Looking to visualize your Facebook friend graph? You can with a Facebook app called Nexus. This app is a friend grapher that displays a visual analysis of your Facebook connections. But it’s not just a pretty picture: in addition to viewing how your friends are connected, you can use Nexus to discover what interests your friends share and which of your friends are the most similar to you.

How To Use Nexus

To get started with Nexus, add the app to your Facebook profile. You can choose to generate the graph in either a light theme or a dark theme, as you wish. Once the graph has been generated, you can hover any node to view your friend connections. What’s really interesting, though, is that you can click on any node on the graph and view information about your friends and how they relate to other members of your social graph.

A Nexus Graph

For example, clicking on Richard, I discovered he shared commonalities with Jason Calacanis, Michael Arrington, and Robert Scoble. For the most part, these shared interests were in the form of groups that they both belonged to, but they also could be shared activities, music, movies, etc. (For example, both Richard and I are fans of the movie “The Matrix.”)

Discovering common interests

You can then click on any one of those shared commonalities and discover other members in your friend graph who also share this interest. You can even click a link to search all of Facebook to find people outside of your friend graph who are interested in the same thing.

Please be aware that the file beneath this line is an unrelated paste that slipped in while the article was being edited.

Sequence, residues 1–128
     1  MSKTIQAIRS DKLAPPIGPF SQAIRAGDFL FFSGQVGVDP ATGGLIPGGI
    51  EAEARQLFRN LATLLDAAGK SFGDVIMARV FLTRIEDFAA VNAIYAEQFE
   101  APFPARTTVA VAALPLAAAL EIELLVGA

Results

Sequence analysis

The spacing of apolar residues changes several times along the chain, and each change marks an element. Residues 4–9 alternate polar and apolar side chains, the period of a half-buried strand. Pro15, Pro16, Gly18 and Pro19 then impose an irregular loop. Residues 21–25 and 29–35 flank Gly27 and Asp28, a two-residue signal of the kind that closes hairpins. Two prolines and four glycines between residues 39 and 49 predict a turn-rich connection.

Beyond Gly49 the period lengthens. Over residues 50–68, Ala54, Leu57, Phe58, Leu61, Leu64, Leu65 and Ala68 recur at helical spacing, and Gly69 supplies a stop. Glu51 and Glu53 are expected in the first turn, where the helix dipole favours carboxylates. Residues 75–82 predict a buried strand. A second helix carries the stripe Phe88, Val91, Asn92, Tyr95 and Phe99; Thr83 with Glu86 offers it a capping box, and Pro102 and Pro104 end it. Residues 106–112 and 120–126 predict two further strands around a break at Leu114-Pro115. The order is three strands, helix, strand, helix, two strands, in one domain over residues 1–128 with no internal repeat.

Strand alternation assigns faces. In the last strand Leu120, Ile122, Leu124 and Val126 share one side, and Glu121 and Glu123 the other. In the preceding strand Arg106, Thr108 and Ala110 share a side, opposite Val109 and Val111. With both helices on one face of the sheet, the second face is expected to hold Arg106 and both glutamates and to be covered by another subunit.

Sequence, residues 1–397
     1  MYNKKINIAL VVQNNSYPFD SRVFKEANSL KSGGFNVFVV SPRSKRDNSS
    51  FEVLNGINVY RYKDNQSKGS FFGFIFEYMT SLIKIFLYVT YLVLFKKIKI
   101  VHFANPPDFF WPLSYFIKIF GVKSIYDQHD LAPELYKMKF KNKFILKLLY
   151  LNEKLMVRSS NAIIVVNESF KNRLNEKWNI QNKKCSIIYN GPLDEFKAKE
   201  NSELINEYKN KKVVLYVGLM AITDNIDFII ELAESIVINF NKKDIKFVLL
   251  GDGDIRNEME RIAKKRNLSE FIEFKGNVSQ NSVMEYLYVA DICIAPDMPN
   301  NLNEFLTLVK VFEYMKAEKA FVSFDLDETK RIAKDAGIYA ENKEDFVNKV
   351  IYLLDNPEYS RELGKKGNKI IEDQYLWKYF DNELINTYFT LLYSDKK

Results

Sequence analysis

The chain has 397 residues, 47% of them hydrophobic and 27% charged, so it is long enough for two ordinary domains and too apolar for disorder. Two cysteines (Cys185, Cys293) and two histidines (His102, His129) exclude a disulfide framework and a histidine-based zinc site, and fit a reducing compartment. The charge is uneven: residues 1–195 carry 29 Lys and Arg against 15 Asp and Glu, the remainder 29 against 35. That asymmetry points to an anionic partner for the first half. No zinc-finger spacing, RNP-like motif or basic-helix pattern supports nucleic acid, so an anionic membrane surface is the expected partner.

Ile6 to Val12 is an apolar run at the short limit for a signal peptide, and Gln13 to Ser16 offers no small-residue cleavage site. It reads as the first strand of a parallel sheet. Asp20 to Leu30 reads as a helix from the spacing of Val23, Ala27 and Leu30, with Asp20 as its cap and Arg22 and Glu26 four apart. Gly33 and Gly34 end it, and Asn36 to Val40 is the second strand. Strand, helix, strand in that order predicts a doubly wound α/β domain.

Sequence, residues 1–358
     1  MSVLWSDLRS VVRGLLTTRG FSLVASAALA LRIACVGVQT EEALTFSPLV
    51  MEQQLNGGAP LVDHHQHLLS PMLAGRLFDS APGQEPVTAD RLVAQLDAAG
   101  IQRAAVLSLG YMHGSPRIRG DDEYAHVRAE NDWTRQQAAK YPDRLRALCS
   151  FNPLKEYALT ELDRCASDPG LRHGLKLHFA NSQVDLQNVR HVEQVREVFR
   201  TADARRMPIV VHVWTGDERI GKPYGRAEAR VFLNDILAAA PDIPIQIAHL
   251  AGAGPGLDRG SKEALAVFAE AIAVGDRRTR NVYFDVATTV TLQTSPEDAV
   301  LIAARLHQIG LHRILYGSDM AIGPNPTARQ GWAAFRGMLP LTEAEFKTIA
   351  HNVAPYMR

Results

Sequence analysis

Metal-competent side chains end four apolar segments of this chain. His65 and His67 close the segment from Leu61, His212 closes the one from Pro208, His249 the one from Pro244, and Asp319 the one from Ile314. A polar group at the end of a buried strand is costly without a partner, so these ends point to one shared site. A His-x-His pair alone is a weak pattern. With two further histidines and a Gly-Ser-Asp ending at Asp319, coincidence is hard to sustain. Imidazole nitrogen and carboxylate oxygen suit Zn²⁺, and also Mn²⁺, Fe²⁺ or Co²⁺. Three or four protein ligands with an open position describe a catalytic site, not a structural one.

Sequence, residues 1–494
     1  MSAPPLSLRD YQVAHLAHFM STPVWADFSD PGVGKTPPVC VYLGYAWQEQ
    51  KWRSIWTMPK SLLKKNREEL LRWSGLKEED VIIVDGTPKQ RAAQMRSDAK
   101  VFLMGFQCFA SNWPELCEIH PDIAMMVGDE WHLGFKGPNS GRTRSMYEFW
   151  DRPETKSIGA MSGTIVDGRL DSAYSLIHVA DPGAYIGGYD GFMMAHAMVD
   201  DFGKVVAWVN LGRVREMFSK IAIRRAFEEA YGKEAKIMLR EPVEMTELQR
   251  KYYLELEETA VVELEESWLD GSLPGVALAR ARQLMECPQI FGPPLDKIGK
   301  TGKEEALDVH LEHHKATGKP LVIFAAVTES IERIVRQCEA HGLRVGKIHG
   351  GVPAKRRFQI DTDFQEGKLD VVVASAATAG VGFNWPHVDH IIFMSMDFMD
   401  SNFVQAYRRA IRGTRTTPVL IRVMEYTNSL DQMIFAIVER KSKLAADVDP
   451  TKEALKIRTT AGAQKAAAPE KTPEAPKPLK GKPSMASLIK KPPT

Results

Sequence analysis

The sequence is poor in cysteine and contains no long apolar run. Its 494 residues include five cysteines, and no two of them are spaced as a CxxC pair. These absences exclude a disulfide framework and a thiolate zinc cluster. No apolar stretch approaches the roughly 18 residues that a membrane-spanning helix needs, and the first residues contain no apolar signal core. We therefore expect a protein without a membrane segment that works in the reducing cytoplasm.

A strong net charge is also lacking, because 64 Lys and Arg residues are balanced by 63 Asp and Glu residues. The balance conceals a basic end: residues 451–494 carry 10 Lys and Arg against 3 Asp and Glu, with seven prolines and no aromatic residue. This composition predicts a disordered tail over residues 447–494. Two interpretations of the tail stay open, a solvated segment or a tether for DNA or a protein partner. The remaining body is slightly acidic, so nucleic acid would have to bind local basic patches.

Another thing that Nexus can do is help you discover friends who are most similar to you. By clicking a provided link, the application compares your interests with those of your friends to determine who is most like you.

Not to worry, though – the information gathered is restricted to the permissions you have on Facebook. If you were to share a friend’s page with someone who was not that person’s friend, all they would be able to see is the graph itself, not the common interests and how they relate to others.

The graph generated by Nexus can be created as either a radial graph or a spring graph and can also be downloaded in one of three different sizes.

Why It’s Useful

We can thank Alisa Rowan of the iCrossing blog for this find. She reminds us that Nexus isn’t just fun, it can be helpful too, saying:

For those working in a space (social media) – where CPM, click-through rates, and other traditional digital metrics fail to provide a total picture of consumer interaction, involvement, and intimacy – you know that constantly seeking out new data, and new ways of looking at that data, are critical to understanding and quantifying the qualitative.

Agreed, but it’s also a great way to waste hours on Facebook in a more productive fashion than ever before.